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P4 slab groove
Pitch 1 (5.7)
Stem and jam an obvious deep crack system in a corner/gully. An offwidth section past a small roof is the crux. Belay from bolts on a sloping ledge beneath a striking dihedral with offwidth. (Alternately, climb a hand crack on the prow out to the left of the traditional start. This 5.8/5.9 crack leads to the same belay as the traditional start.)
Pitch 2 (5.6)
Stem the striking dihedral above the belay. The crack takes 3.5-4.5" (?). Easier crack climbing leads to a belay beneath a roof.
Pitch 3 (5.7/5.8)
Bypass the roof on the right (crux of route) and belay from a sloping ledge.
Pitch 4 (5.5)
Climb up then traverse left on slab to a dish and gear. Climb the water groove above to belay from bolts. The traverse and the runout up the groove is the pshychological crux for many.
Pitch 5 (5.4)
Continue up slab to a large belay ledge.
Pitch 6 (5.5)
Climb a headwall via chickenheads.
The route starts in one of the left-most of many corners/chimneys that break up the south east side of the dome. The approach from Needlerock Creek takes 45-90 minutes depending on your experience with the trail.
Small to 3.5 or 4"
BETA PHOTO: Summer Sojourn starts off to the right of this pho...
|Comments on Summer Sojourn
|By Brad Young|
May 11, 2009
This is a revised route description (based on the text above). Pitch lengths are approximate, but close:
Pitch 1 (160 feet, 5.8)
Climb an obvious crack system in a corner/gully. Switch cracks to the left twice (the pitch cruxes). Belay from bolts on a sloping ledge beneath a striking dihedral.
Pitch 2 (160 feet, 5.7)
Jam and then stem the striking dihedral above the belay. The first part of the crack takes 3.5 - 4" gear. Above the wide section, easier crack climbing leads to a belay beneath a roof (this belay may now include bolts).
Pitch 3 (100 feet, 5.8)
Bypass the roof on the right (pitch crux). Continue up easier cracks. Belay from gear at a tiny sloping ledge.
Pitch 4 (150 feet, 5.6)
Climb 10 more feet up the crack (it ends). Traverse left on slab to a dish-like, low angle section and gear. Continue left on very easy slab to a very thin water groove. This leads to a belay from three bolts. The runout up the groove is the psychological crux of the route for many.
Pitch 5 (190 feet, 5.5)
Continue up the slab past two bolts. At a headwall move up and left along a crack and then up to a large belay ledge (take a few cams, 2" to 4", plus more large cams for the belay).
Pitch 6 (70 feet, 5.4)
Climb a well featured crack/groove to two bolts.
Pitch 7 (160 feet, 5.4)
Continue up to a slightly steeper slab section. Above that a long section of class four slab leads to a two bolt anchor on top.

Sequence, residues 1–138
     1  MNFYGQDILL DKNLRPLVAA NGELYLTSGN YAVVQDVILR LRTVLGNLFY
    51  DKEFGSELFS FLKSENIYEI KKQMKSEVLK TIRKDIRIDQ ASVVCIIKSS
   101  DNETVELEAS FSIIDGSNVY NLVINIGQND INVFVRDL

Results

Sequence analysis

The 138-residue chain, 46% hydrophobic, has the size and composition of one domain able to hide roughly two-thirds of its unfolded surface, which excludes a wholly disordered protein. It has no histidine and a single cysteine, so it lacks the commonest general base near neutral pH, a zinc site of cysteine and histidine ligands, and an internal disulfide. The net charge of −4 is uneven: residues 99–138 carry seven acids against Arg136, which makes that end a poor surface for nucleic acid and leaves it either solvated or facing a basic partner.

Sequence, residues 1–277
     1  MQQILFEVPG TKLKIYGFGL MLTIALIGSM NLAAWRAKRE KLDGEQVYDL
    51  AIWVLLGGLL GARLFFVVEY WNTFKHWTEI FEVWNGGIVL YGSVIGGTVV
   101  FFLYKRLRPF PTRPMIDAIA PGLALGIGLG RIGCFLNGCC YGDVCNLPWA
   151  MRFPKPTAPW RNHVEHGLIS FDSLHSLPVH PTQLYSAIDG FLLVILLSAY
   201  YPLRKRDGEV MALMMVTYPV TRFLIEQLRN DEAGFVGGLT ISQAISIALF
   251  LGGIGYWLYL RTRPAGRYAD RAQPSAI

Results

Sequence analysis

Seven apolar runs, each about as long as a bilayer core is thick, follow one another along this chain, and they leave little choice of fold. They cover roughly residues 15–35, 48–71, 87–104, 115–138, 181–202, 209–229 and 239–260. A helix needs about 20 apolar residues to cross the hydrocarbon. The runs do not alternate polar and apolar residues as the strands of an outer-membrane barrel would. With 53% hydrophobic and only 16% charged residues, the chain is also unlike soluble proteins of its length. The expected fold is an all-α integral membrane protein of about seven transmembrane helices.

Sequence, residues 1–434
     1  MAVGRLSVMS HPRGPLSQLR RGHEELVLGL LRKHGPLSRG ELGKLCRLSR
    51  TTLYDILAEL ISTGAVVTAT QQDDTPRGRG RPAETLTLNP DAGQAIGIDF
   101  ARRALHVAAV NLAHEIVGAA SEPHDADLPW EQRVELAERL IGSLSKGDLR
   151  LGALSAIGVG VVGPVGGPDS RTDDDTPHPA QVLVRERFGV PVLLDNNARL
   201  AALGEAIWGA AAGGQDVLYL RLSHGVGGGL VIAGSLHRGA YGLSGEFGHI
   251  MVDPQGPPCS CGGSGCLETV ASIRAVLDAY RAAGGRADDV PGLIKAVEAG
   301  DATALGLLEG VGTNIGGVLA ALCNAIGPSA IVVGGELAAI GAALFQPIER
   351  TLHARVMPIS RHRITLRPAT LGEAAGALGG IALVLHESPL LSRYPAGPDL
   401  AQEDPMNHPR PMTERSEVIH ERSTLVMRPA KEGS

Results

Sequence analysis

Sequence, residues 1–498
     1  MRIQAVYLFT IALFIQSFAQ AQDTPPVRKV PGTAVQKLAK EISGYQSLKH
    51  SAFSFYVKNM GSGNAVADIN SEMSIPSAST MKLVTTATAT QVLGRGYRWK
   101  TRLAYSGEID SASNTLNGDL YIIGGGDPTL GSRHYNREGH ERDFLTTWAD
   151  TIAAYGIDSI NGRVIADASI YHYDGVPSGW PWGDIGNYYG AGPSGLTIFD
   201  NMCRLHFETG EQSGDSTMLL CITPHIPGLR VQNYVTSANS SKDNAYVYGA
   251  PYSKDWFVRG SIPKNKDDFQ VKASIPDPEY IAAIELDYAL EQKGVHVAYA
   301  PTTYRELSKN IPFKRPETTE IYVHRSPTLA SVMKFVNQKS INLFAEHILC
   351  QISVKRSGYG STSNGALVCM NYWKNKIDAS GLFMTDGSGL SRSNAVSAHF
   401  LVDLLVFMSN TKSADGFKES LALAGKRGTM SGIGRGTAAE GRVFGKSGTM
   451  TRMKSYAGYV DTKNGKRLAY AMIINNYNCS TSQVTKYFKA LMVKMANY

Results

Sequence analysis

Note that the topo in the Needles guidebook (for those lucky enough to have a copy) is a very rough approximation. The photo in that book shows the route location perfectly.
The long runouts are on slab that is much easier than the route cruxes, so I wouldn't give the route an "R" or a "PG."
|By Matthew Fienup|
From: Ventura, CA
May 15, 2009
Excellent clarification, Brad. Many thanks.
From: Lyons, CO
Jun 20, 2010
rating: 5.8 R
Just did this route, the above description describes the route perfectly. This is a committing climb which I think would be challenging for a 5.7 climber to tackle. The first two belays are equipped with rappel bolts, but unless you have two ropes, you would have to leave gear to retreat. The first pitch flare really got my attention; it doesn't protect well and seemed like 5.8. A set of micro stoppers is recommended as well as two 4 inch cams for the 5.6 fist/ow second pitch.
There are some serious runouts on the upper pitches, the climb deserves an R rating.
All bolts have been upgraded to modern 3/8" with the exception of P4 anchor (1 good, 2 bad) and the two lead bolts on pitch 5 which are still old 1/4".
|By The Gray Tradster|
Jun 20, 2010
Boy, it seems this climb has sprouted a lot of extra bolts now.
|By Mary Moser|
Aug 17, 2011
I climbed this route back in 2004 over Memorial Day weekend. I had an extra day in the area before my partner arrived, so I scoped out the trail and the start of the climb the day before. This really saved us some time in locating the climb. However, I sure wish I had Brad's description of the actual route that day. Although the day started out very hot in the upper 80s, we encountered an incoming storm at pitch 6. We did use our wind/rain jackets as the temperatures dropped into the 60s. By the time I started to lead pitch 7, I was hauling butt up the rock. I was thankful that I found the anchors because at first glance all that slab seemed a bit daunting. In the end, the storm swirled around us and we didn't get rained on, so we were very lucky.
|By Matt N|
From: Santa Barbara, CA
Oct 22, 2012
P1 if ended at the bolts is only ~100'. P1-3 can be combined into 2 easily w/ a 60m.
Face moves passing the roof are not bad at all and you can place gear before and during that section. Runouts are all on 5.4 terrain, except maybe one move just before P6 belay, with a cam below you a bit.
|By Guy Keesee|
Feb 25, 2013
I wish to thank whoever added that 3/8 bolt to the belay at the end of P4. The other two BRONZE colored 1/4 didn't give me good feelings.
I agree with the PG and not a R .... unless you do what I did and not bring anything over 3 inches. That made Pitch 2 really serious for me.